A leadership mentoring program started by business management leaders from three different Program Executive Offices (PEO) within the Office of the Assistant Secretary of the Army for Acquisition, Logistics, and Technology, aims to ensure their staff are equipped with the guidance and knowledge needed to build professional relationships, develop clear career goals and establish a productive working environment.
The APG Business Financial Management Group Mentoring Program (APG BFM) at Aberdeen Proving Ground, Md. kicked off Dec. 7, welcoming participants from the Joint Program Executive Office for Chemical, Biological, Radiological and Nuclear Defense (JPEO-CBRND), Program Executive Office Command, Control, Communications-Tactical (PEO C3T) and Program Executive Office Intelligence, Electronic Warfare and Sensors (PEO IEW&S) to the first in a series of eight classroom meetings on leadership mentoring and career development.
“This is a way for us to reach out to our business management division personnel,” said Adrianne Paolercio, Business Management Division Chief at PEO IEW&S and a mentoring program lead. “You’re always working, you come into the office, you’re doing your job, but there’s nobody to tell you how to become the next business management leader. There’s no guide or anything like that.”
The APG BFM may have the answer.
Throughout the program, mentor and mentees will meet on a regular basis over four consecutive months with each 90-minute meeting focusing on a specific topic. The meetings are collaborative where participants can trade professional development and career growth ideas in a group setting rather than the more traditional format of an experienced mentor lecturing mentees on how to get ahead.
The meetings are held in a “safe” environment where mentees can comfortably engage mentors with ideas and thoughts about their careers and care share lessons through individual experiences.
“Sometimes it’s scary to do something new, to get a new job, and I think having somebody else who says, ‘this is how I did it’ and, ‘if you want that, then do it this way,’ is helpful,” Paolercio said. “This program gives people the confidence to come out of their comfort zone and try something new.”
George Sfakianoudis, Chief Financial Officer at JPEO-CBRND and a mentoring program lead, applauded the program for encouraging business leaders to address career development interests expressed by the staff throughout their organizations.
“I’m always getting phone calls from people asking about career advice,” he said. “It is just a matter of carving out that time to ensure that we can provide the best opportunities [for our workforce].”
APG BFM marks JPEO-CBRND’s initial involvement in a professional leadership mentoring program and Sfakianoudis hopes it will continue beyond the initial 8-session run expected to conclude by early 2023.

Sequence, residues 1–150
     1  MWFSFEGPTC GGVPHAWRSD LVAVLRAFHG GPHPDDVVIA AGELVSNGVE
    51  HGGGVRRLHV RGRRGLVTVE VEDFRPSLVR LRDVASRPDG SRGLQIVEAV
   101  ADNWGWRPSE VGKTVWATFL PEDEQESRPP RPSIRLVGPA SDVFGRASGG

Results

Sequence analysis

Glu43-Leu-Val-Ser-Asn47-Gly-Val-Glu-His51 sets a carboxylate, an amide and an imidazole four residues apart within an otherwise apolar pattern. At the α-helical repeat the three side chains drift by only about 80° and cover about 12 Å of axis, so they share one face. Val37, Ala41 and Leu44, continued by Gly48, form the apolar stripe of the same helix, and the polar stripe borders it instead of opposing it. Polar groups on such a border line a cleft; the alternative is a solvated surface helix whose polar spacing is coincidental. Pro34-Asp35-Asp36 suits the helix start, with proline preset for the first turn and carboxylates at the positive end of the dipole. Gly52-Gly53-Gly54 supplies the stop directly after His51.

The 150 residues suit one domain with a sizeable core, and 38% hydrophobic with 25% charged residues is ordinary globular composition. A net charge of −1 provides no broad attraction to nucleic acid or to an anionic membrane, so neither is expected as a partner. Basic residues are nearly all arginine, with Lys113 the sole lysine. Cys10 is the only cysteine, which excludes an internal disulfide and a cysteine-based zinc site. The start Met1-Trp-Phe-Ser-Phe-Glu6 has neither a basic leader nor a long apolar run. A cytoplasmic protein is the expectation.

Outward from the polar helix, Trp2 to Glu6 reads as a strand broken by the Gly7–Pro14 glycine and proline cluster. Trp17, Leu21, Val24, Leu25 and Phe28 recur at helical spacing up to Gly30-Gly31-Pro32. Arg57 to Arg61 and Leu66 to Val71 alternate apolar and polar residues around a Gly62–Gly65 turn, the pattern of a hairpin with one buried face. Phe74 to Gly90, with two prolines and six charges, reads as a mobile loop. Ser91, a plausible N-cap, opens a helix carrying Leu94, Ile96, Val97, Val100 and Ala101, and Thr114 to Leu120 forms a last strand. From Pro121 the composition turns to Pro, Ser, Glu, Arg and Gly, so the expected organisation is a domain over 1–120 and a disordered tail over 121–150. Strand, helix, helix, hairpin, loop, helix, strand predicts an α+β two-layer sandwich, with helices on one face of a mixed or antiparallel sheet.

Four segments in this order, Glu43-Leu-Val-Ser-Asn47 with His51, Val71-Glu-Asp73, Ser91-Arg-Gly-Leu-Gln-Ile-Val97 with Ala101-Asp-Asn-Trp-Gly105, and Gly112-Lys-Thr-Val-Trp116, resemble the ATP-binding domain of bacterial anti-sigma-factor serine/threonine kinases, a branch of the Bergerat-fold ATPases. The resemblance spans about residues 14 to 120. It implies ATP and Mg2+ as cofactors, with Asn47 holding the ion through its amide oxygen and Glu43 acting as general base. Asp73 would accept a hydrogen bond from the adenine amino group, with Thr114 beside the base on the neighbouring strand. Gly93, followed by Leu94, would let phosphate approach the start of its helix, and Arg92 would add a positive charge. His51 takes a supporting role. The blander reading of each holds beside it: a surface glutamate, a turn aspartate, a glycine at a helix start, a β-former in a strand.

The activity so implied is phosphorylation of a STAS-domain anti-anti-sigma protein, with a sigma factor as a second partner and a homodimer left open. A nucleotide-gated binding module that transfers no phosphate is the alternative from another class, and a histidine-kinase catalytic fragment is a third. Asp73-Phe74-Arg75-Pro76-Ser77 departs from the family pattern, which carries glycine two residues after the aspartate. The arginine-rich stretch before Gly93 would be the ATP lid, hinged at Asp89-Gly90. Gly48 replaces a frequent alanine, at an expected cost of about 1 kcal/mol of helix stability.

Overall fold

“People development is huge, and we don’t have enough of that. We have a lot of trainings, but we don’t have that leadership step on how to build that GS-13 and NH3 up to the GS-14 and NH4 level. This program will help bridge that gap.”
For Kelly Curran, Budget Management Division Director at PEO C3T and a mentoring program lead, providing the workforce with professional development opportunities is important at her organization.
“PEO C3T definitely has an emphasis on our people and trying to help them succeed in their careers,” she said. “So, we are always looking for opportunities to influence and help people. This is one of the many opportunities we make available for our employees.”
The meetings cover a range of topics from networking and collaboration to technical expertise and team management, and participants (mentees) are asked to speak about specific areas of their own career paths rather come to the meetings looking for professional advice.
“The point of the program is to go through the structure, but not just a one-way approach where we are just telling people what to do or how to do it,” Curran explained. “The point is to have a collaborative effort where we are all sharing and networking together to improve upon on what we’re doing, and running things both ways, so, it’s not just mentors sitting there giving a lecture, it’s a communication back-and-forth between mentors and mentees as we go through different exercises and discuss different scenarios.”
Although APG BFM’s structure follows the same format Curran used when she previously mentored with the Naval Information Warfare Systems Command (NAVWAR) in San Diego, mentoring leaders from different organizations presents a unique challenge.
“We are following [NAVWAR’s] framework and using their materials. The difference is, for us, we are using three different PEOs focusing on leadership at a higher level,” she said. “When I [mentored] at the NAVWAR, the BMD mentors were at the O-6 level. It was more homogenous, within the same organization. So, this will be a bit more challenging with using three different organizations and all of us figuring out how we do things differently.”
For Karlyn A. Hughes, a budget analyst with PEO IEW&S’s Project Manager Electronic Warfare & Cyber, participating in the leadership mentoring program run by three different PEOs provides mentees with a unique opportunity to learn about other organizations.
“Being selected to participate in the program is a privilege that will provide me the opportunity to expand my knowledge and experience across the PEOs through a network of contacts that will be valuable beyond the duration of this program,” Hughes said. “I look forward to gaining valuable insight and lessons learned from the mentors’ work experiences as well as enhance my professional development through the support of both the mentors and mentees.”
“My goal is to advance my personal and professional development through this program and pass on my knowledge and experiences to others. I am grateful for the partnership that formed to bring this program to life,” Hughes said.